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P Diddy - Press Play

P Diddy, Press Play

Review by Jack Foley

IndieLondon Rating: 4 out of 5

P DIDDY’S return to the hip-hop limelight is a monster in many ways. Deeply impressive in places, it also shamefully conforms to the current trend for bragging about bling, status and women.

As per usual for a mainstream album from a big-name rapper, it boasts a who’s who of guest singers, including Christina Aguilera, OutKast’s Big Boi, Gnarls Barkley’s Cee-Lo, Mary J. Blige, Jamie Foxx, Nas, Brandy, Keyshia Cole and the Pussycat Dolls’ Nicole Scherzinger.

But as impressive as the production values are (and it’s supporting credentials), there are times when the album sounds horribly self-indulgent and, worse, routinely mainstream.

Let’s get the negative out of the way first. When Sean P Diddy Combs claims to be “the man who provided more jobs for blacks than armed service”, or , the album smacks of a self-importance that is more about P Diddy competing with his peers (50 Cent, The Game, Kanye) than allowing his music to do the talking.

His need to herald a lot of tracks with announcements such as “it only gets stronger” also suggests that Diddy is desperate for you to keep tuned in early on, while ill-chosen flow such as “I’m richer bitch” and “I’m that nigger” smack of the tainted values that have come to dominate mainstream hip-hop – something that even Jurassic 5 lament on their latest album when they point out that love songs have become odes to whores and artists have embraced the gangsta lifestyle rather than seeking to find a way to escape it.

Tracks like the hip-hop heavy-hitter The Future feel like throwaway efforts that could easily be on any one of a number of albums, while attempts to simulate the jazz-funk of Prince or Justin Timberlake simply don’t cut it and sound a little out of place. Still, at least it shows that Diddy has an ear for what’s contemporary and is at least trying to be eclectic.

Such moments, thankfully, are in short supply for at the end of the day this is undoubtedly a good hip-hop album that’s well-served by some of its more illustrious contributors.

Nicole Scherzinger’s sassy vocal style considerably enlivens the recent single Come To Me, which is tailor-made for massive global success across every dancefloor in every continent, while similarly slick body-rocking beats contribute immensely to the enjoyability factor of cuts like Tell Me and Wanna Move.

Wanna Move, especially, is dripping in slick, Neptunes-inspired production values and benefits from the smooth groove vocals of Ciara, which interplay smartly with Big Boi’s own stylish flow. If ever released as a single, it’ll be massive and deservedly so, for it can’t fail to get your body moving along in appreciation.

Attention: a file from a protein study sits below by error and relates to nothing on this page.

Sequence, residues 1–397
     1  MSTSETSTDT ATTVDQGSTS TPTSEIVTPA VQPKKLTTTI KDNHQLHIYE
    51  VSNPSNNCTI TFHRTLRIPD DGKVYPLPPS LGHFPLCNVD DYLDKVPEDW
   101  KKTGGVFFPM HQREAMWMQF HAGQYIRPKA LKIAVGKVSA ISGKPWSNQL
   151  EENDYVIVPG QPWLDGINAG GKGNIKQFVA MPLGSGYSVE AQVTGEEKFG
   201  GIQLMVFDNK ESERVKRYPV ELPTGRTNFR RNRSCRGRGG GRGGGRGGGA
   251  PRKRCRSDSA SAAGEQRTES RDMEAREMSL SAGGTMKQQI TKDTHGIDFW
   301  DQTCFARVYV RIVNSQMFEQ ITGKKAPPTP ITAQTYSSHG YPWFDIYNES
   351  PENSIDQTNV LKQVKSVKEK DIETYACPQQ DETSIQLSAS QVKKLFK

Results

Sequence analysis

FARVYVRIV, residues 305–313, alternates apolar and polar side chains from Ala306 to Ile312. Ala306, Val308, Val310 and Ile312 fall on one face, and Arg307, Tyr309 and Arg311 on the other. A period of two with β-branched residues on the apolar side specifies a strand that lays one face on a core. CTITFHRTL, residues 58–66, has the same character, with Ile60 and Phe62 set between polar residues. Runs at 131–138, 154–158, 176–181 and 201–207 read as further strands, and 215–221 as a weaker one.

Christina Aguilera, meanwhile, builds on the good work she did on her own Aint No Other Man with some equally gutsy vocals on Tell Me, which positively drips with vibrancy.

And there’s a really smart techno homage surrounding the electronics on P Diddy Rock, which features more clever word play between Diddy, Timbaland, Twista and Shawnna. The stripped down beats are also effective, managing not to drown out the all-important vocals.

Elsewhere, P Diddy’s undoubted confidence in his own ability (or is that arrogance?) is evident from the outset on the intro piece Testimonial, which is built around a classic Tears For Fears’ sample, and there’s some serious smooth grooving on the Mario Winans’ collaboration, Through The Pain (She Told Me), which marks the album at its most soulful.

The most consistently striking thing about Press Play, however, is just how many cracking beats the rapper has managed to assemble, most of which lend it a vibrancy and energy that’s impossible not to ignore.

So whether charting old-skool hip hop territory, soul, pop, Motown-era funk or R’n’B, the album always remains careful not to become rooted in one particular sound for too long. It’s lively and adventurous enough to rise above some of its lazier tendencies and capable of reaching beyond any genre boundaries to have an almost universal appeal.

Hence, casting some of my earlier reservations aside, this comes as a highly recommended hip-hop release that confirms Diddy’s position as a major player once again.

Track listing:

  1. Testimonial (Intro)
  2. We Gon’ Make It featuring Jack Knight
  3. I Am (Interlude)
  4. The Future
  5. Hold Up featuring Angela Hunte
  6. Come To Me featuring Nicole Scherzinger
  7. Tell Me featuring Christina Aguilera
  8. Wanna Move featuring Big Boi, Ciara and Scar
  9. Diddy Rock featuring Timbaland, Twista and Shawnna
  10. Claim My Place (Interlude)
  11. Everything I Love featuring Nas and Cee-Lo
  12. Special Feeling featuring Mika Lett
  13. Crazy Thang (Interlude)
  14. After Love featuring Keri
  15. Through The Pain (She Told Me) featuring Mario Winans
  16. Thought You Said featuring Brandy
  17. Last Night featuring Keyshia Cole
  18. Makin’ It Hard featuring Mary J. Blige
  19. Partners For Life featuring Jamie Fox

  1. Article is fine, just wanted to say that Timbaland’s skills are just unbelievable, anything the man touches turns to gold. Well done!

    R    Nov 1    #